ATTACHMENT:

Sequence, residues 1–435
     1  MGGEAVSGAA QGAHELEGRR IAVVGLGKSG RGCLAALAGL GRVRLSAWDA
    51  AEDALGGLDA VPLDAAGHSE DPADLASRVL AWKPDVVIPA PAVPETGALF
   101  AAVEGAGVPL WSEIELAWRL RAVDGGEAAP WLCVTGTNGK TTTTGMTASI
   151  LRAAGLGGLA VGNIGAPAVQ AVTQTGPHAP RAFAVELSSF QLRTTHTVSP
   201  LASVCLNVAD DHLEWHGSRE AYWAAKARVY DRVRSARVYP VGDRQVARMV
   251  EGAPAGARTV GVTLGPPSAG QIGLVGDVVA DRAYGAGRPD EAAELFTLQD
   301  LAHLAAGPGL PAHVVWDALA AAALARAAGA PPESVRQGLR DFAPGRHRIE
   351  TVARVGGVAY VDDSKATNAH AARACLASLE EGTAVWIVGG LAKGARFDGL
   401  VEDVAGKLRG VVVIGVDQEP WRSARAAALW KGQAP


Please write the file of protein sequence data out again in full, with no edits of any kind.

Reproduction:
Sequence, residues 1–435
     1  MGGEAVSGAA QGAHELEGRR IAVVGLGKSG RGCLAALAGL GRVRLSAWDA
    51  AEDALGGLDA VPLDAAGHSE DPADLASRVL AWKPDVVIPA PAVPETGALF
   101  AAVEGAGVPL WSEIELAWRL RAVDGGEAAP WLCVTGTNGK TTTTGMTASI
   151  LRAAGLGGLA VGNIGAPAVQ AVTQTGPHAP RAFAVELSSF QLRTTHTVSP
   201  LASVCLNVAD DHLEWHGSRE AYWAAKARVY DRVRSARVYP VGDRQVARMV
   251  EGAPAGARTV GVTLGPPSAG QIGLVGDVVA DRAYGAGRPD EAAELFTLQD
   301  LAHLAAGPGL PAHVVWDALA AAALARAAGA PPESVRQGLR DFAPGRHRIE
   351  TVARVGGVAY VDDSKATNAH AARACLASLE EGTAVWIVGG LAKGARFDGL
   401  VEDVAGKLRG VVVIGVDQEP WRSARAAALW KGQAP